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Group: Kentucky ‘religious freedom’ bill would allow discrimination over birth control

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“The Religious Freedom Act,” a bill created in response to the Affordable Care Act’s birth control coverage mandate, cleared Kentucky’s Senate Thursday night despite activists’ warning that it could topple years of civil rights progress in the state and “make discrimination legal.”

“[The] legislation could be used by an individual or entity under the guise of a ‘sincerely held religious belief’ to violate the constitutional and civil rights of other persons or organizations,” the Kentucky Commission on Human Rights warned on Tuesday. “In other words, it could make discrimination legal if the discrimination perpetrated is claimed to be due to ‘a sincerely held religious belief.'”

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Despite the potential for abuse, state senators advanced House Bill 279 Thursday night by a vote of 29-6, leaving its fate in the hands of Gov. Steve Beshear (D).

The bill originated as a response to a provision in the Affordable Care Act that requires health insurance policies offer contraception to women free of charge — a measure that some religious organizations objected to, despite a compromise that places the financial burden on insurance companies.

Kentucky Democrats joined with Republicans in the General Assembly to pass House Bill 279 by a vote of 82-7 last week. It’s not clear whether the governor will sign it into law.

If it does become law, Kentucky’s “Religious Freedom Act” could enable discrimination against more than just women seeking birth control. Civil rights advocates worry that landlords and employers could also use the law to justify discriminating against LGBT people and minorities as well, all in the name of “religious freedom.”
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Photo: Shutterstock.com.

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COVID-19

One-third of Americans will Ignore CDC warnings this Thanksgiving: report

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A new study shared exclusively with Axios has revealed that approximately one-third of Americans say they're likely to ignore health officials' warnings about the risks of getting together for Thanksgiving.

The coronavirus pandemic is creating an overflow at hospitals around the nation -- a real threat of being turned away for needed care is possible if the course of the virus is not altered within the next few weeks.

"Solid majorities said they're likely to follow CDC guidelines and avoid traveling or gathering with people who don't live in the same home," Axios reported Wednesday. "But the 25-30 percent who don't plan to follow those guidelines represent millions of people. And when millions of people are traveling or gathering indoors, that represents a real risk of new or worsening outbreaks — especially right now, when infections are at an all-time high."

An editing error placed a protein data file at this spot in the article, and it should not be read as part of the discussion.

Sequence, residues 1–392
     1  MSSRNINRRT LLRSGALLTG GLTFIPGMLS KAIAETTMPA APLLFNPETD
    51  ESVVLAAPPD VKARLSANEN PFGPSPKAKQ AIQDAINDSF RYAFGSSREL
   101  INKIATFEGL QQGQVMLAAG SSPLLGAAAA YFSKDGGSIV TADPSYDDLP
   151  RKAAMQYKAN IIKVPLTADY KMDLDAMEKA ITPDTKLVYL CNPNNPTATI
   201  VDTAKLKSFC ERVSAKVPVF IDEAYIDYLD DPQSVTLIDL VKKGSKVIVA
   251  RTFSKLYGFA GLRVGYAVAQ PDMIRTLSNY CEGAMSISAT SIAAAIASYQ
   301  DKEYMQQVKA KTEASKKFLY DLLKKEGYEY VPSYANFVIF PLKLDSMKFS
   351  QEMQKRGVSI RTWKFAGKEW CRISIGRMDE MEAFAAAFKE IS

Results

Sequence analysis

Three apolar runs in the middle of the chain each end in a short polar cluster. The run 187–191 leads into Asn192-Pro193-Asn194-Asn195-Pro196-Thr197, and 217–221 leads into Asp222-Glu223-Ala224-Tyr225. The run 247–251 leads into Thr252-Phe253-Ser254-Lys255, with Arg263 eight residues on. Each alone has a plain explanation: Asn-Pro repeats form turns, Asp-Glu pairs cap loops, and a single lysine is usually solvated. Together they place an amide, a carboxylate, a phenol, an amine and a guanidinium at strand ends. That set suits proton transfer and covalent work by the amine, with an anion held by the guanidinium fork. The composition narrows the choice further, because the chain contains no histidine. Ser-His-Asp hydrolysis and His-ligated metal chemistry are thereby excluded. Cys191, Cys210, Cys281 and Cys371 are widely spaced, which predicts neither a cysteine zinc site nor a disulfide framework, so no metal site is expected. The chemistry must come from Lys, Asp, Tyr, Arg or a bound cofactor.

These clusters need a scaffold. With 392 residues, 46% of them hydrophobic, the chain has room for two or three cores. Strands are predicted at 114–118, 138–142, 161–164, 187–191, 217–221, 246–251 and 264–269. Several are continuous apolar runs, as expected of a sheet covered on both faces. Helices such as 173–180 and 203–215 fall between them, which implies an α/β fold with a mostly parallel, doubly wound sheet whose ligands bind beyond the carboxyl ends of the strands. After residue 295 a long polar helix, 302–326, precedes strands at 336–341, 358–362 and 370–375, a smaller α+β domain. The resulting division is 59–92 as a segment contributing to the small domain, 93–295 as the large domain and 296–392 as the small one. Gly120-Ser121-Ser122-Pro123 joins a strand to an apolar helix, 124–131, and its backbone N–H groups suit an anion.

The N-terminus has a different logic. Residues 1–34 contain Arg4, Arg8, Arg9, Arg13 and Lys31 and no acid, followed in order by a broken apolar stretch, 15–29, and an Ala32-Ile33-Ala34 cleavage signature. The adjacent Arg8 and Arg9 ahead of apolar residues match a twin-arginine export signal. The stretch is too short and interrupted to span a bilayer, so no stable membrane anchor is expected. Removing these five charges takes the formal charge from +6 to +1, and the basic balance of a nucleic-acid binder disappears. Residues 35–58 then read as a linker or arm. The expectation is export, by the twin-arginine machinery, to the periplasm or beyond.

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2020 Election

Georgia GOP secretary of state: Trump ‘threw my family under the bus’ even though we voted for him

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Brad Raffensperger, the Republican secretary of state in Georgia, has written an angry editorial for USA Today in which he details the harassment he and his family have been subjected to because he followed the law and certified President-elect Joe Biden's victory.

Raffensperger starts out his editorial by praising the Peach State for holding a free and fair election under difficult circumstances stemming from the novel coronavirus pandemic.

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Breaking Banner

‘The election wasn’t stolen — he blew it’: Michigan Republican says Trump ‘did everything possible to lose’

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President Donald Trump insists the election was stolen from him in Michigan, but Republicans there haven't been willing to indulge his fantasy.

The president has zeroed in on the state, which he narrowly won in 2016, in his effort to overturn his election loss to Joe Biden by claiming widespread fraud and pressuring legislators to overrule the will of the voters, but few Republicans are buying in, reported Politico.

“We must not attempt to exercise power we simply don’t have,” said Aaron Van Langevelde, who sits on Michigan’s board of state canvassers, which was statutorily obligated to certify the election win by Joe Biden. “As John Adams once said, 'We are a government of laws, not men.' This board needs to adhere to that principle here today. This board must do its part to uphold the rule of law and comply with our legal duty to certify this election.”

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